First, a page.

Bush Has Often Met With Wounded Soldiers & Families Of The Fallen
It’s not unusual to hear anti-Bush partisans carping that the President hasn’t attended the funerals of any of the soldiers killed in Afghanistan & Iraq. But, as most people realize, it’s not as simple for the President to attend a funeral as it is for the rest of us. If the President did show up at a funeral, not only would the families of the fallen have to deal with all the understandable, yet still draconian security procedures put in place by the Secret Service, there would be questions of favoritism (why that guy and not my son) and even a media presence that would likely be unwanted by the families. In short, it’s very impractical for the President to show up at a funeral.
Of course, the Bush haters understand this just like most of the rest of us do, but they’re still willing to try to take advantage of the situation to attack Bush politically. The implication here is that Bush doesn’t go to funerals of the fallen because he doesn’t want to face families that have lost someone he sent to war or perhaps that he’s afraid he’ll run into some of the soldier’s buddies who were wounded overseas and are back home to see their friend off.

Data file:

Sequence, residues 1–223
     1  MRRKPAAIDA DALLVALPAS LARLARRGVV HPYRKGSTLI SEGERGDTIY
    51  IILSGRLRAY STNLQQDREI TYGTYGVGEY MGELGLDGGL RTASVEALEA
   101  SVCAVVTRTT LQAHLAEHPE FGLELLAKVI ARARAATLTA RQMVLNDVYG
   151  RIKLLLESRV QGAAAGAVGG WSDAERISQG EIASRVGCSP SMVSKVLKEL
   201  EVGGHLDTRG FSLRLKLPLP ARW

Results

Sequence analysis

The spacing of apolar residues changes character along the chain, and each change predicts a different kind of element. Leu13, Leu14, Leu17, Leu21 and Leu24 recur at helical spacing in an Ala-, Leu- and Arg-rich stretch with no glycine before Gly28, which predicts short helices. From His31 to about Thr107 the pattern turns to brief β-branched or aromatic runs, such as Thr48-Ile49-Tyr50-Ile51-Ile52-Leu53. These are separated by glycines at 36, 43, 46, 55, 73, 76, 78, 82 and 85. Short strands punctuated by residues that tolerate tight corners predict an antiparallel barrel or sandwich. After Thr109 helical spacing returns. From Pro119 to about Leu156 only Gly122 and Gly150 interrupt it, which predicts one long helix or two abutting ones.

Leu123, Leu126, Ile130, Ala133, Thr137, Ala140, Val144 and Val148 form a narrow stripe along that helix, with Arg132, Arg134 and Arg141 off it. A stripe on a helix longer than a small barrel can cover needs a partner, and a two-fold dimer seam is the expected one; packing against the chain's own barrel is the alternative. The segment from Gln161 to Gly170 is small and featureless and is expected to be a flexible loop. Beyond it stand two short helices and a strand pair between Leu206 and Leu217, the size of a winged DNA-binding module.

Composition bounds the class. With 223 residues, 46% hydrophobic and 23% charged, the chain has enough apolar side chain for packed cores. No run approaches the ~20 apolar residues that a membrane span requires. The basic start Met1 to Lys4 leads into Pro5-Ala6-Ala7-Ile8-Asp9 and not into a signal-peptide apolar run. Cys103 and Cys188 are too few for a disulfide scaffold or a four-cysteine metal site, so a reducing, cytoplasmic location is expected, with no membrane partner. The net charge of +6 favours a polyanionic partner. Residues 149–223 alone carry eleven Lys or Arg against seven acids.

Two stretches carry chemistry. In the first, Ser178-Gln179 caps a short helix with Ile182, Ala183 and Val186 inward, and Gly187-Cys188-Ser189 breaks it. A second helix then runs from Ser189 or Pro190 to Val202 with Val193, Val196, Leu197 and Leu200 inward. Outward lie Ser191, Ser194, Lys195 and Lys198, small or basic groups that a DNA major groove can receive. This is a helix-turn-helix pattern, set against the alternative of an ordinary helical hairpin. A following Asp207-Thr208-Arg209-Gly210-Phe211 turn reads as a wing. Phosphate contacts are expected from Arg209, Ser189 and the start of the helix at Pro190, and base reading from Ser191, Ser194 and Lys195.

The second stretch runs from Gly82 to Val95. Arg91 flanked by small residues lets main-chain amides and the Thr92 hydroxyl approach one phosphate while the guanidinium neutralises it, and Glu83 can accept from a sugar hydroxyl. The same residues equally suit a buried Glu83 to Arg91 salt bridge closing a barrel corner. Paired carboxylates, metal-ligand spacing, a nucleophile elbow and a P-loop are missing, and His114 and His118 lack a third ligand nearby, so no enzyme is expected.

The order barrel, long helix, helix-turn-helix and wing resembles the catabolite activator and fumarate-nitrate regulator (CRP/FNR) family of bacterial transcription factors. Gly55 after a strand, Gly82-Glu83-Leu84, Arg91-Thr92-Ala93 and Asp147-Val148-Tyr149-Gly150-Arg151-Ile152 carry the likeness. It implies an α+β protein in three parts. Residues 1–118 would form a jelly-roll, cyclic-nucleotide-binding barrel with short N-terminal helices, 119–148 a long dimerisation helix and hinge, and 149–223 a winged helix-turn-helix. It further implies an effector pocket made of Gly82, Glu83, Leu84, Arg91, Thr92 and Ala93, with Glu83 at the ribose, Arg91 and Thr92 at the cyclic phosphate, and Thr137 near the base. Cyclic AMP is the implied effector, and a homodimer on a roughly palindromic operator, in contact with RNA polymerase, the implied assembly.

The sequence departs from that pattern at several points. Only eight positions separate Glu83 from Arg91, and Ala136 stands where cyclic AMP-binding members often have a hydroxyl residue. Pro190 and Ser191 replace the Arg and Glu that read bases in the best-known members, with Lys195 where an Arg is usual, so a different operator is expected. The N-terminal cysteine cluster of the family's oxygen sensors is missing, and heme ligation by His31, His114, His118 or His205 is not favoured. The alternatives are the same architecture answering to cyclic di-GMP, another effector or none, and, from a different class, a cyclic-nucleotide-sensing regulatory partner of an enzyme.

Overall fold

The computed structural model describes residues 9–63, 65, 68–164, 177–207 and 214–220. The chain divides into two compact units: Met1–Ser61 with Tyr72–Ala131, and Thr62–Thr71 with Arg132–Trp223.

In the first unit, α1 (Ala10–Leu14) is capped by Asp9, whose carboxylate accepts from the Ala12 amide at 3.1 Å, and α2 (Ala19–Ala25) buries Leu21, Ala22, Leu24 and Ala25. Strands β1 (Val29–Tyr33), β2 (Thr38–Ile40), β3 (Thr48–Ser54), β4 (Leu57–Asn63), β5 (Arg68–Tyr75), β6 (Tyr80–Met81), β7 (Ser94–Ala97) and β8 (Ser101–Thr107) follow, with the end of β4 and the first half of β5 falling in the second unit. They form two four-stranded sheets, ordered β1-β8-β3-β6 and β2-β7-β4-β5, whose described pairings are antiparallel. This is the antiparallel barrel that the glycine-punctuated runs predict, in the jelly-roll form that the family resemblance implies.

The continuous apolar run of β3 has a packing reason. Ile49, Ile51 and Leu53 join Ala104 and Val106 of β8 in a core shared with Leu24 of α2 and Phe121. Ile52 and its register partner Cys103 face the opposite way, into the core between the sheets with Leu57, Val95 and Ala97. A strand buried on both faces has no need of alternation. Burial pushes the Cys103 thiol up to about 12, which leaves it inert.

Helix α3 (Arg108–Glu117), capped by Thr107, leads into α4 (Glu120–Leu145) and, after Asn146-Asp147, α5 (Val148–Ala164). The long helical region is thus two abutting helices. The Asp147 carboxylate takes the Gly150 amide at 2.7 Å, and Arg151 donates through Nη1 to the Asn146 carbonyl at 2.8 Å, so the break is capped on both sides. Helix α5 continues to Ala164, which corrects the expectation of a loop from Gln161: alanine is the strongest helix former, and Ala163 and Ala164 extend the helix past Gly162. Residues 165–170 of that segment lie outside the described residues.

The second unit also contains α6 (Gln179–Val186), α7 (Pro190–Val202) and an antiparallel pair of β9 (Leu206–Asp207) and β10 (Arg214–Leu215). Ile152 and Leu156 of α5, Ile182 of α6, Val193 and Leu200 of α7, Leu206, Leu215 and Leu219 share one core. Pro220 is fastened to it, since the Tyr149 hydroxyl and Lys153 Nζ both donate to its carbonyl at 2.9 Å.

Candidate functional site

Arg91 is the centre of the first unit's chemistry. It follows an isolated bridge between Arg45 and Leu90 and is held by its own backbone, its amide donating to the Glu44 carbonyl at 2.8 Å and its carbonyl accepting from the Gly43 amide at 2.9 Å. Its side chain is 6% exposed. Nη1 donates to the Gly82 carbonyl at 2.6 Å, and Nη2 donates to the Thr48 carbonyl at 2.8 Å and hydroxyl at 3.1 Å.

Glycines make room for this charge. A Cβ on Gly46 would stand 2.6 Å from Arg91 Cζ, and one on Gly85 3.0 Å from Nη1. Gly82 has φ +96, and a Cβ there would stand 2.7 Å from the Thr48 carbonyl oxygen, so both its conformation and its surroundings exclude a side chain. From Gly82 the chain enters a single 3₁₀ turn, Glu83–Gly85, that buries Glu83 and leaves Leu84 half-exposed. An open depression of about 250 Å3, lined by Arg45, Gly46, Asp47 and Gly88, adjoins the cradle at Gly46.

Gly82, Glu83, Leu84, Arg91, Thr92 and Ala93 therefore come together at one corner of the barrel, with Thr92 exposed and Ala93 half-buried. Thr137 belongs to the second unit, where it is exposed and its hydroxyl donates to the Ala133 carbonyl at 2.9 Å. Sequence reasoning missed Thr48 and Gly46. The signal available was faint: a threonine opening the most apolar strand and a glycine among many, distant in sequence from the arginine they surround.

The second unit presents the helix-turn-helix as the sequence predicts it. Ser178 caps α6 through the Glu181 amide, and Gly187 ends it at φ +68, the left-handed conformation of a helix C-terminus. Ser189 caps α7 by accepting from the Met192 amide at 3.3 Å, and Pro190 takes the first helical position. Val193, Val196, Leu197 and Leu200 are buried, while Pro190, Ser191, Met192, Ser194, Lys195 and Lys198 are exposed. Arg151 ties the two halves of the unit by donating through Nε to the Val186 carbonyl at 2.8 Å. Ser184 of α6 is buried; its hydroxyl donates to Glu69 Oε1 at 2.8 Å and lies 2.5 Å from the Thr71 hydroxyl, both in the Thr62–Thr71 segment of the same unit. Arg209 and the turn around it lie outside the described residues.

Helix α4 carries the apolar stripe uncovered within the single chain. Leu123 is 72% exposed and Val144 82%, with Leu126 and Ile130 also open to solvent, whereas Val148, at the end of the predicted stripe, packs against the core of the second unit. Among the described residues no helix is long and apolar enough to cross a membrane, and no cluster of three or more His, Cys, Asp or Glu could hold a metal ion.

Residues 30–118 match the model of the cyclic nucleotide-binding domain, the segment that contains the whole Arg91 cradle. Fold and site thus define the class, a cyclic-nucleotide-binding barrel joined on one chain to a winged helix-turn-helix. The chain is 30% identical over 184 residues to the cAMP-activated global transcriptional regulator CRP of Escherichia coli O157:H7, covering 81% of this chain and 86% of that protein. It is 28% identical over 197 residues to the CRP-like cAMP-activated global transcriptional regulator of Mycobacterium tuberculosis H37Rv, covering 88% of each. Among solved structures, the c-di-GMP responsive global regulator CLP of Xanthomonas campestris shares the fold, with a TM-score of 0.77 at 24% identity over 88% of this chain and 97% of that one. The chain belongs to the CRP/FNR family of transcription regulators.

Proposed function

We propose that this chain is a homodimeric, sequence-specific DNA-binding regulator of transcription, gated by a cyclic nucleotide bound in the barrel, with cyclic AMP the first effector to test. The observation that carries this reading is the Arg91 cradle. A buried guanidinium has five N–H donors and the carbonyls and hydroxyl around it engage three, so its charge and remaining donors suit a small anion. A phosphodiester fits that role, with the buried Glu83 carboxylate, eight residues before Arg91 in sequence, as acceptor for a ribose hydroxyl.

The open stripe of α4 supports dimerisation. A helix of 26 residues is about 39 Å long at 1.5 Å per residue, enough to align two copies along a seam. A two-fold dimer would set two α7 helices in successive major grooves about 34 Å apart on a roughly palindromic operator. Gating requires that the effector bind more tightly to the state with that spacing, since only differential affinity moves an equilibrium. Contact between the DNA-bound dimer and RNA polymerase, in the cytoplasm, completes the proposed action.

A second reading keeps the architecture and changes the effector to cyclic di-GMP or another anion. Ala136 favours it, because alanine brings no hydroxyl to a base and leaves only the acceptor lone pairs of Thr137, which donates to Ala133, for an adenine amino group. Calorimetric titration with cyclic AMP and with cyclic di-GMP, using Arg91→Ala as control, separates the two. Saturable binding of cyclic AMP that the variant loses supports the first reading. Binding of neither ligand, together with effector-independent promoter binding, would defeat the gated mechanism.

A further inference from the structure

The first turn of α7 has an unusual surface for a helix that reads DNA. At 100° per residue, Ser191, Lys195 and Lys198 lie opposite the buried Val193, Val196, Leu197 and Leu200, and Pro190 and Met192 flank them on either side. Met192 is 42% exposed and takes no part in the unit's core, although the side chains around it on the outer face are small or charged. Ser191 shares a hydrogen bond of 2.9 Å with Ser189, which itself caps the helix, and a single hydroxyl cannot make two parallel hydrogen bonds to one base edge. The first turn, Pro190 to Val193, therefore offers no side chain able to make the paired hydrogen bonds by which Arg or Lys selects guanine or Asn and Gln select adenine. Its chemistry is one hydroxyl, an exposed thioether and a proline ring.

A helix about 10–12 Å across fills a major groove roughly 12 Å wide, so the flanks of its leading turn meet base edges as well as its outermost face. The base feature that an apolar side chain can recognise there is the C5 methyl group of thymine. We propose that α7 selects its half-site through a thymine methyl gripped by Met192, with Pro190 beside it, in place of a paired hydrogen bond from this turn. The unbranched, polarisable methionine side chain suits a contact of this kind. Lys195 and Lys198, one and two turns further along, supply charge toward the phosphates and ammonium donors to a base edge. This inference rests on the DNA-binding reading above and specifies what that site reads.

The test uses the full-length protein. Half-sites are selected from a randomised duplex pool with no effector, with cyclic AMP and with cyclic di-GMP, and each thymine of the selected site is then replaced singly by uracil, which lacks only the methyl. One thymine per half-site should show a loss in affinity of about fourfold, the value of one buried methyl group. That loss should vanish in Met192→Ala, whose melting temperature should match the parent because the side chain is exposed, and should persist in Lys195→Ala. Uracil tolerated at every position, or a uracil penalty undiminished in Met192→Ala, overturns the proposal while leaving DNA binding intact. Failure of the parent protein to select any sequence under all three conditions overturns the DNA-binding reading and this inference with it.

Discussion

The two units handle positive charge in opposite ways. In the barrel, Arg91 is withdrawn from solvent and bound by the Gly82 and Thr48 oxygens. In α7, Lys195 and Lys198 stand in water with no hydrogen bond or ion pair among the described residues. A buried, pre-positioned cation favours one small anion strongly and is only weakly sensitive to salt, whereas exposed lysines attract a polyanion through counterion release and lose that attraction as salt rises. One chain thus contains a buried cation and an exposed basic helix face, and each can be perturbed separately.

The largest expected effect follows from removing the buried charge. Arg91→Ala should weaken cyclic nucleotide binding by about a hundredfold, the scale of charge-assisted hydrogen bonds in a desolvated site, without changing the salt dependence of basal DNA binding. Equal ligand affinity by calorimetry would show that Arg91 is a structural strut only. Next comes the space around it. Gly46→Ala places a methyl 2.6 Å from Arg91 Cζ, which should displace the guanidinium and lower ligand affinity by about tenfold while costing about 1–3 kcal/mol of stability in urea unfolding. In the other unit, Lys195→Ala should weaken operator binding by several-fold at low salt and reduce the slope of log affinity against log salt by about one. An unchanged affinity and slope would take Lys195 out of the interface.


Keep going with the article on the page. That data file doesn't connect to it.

However, that’s simply not true and just to prove it, I decided to do a little research on the “blogger’s best friend” (AKA Google). It took me less than 10 minutes to pull up the following…
“As looting and sporadic firefights continued in and around the Iraqi capital, Bush and First Lady Laura Bush visited 40 wounded soldiers at Walter Reed Army Medical Center and 33 others at Bethesda Naval Hospital, both in suburban Maryland just a short drive from the White House. One of the soldiers Bush visited was wounded in the fighting in Afghanistan.” — Chicago Tribune, April 12, 2003
“President Bush held a rare meeting Monday with families of fallen soldiers, spending close to two hours hugging and listening tearfully to survivors at a military base that has been among the nation’s hardest hit by casualties in Iraq.
Bush met privately with 98 relatives of 26 lost soldiers after offering condolences and encouragement at a rally of 5,000 camouflage-clad, flag-waving military members and families from throughout Colorado. With the survivors grouped in four rooms, Bush autographed mementos as he heard the stories about their loved ones. One father told the president that his son “died for freedom,” according to a Bush aide.” — WAPO, Nov 25, 2003
“White at Fort Polk, Bush also visited privately with families of troops who were killed in Iraq.” — The Washington Times, Feb 17, 2004
“Later Friday, Bush and first lady Laura Bush visited privately with soldiers and their families at Walter Reed Army Medical Center. It marked their third visit in six months to the Bethesda, Maryland, facility.
After the visit, Bush praised the soldiers for their “strong” spirit and “terrific” attitude.
“Several soldiers told me today, badly injured soldiers, that they want to get well quickly, and get back on their duty stations in Iraq,” Bush said. “They want to serve our nation, and it’s so refreshing and great to be here.” — CNN, March 20, 2004
George W. Bush DOES MEET with soldiers who’ve been wounded in combat and families who’ve lost loved ones in Iraq and Afghanistan. And if anyone tries to tell you otherwise, they simply don’t know what they’re talking about…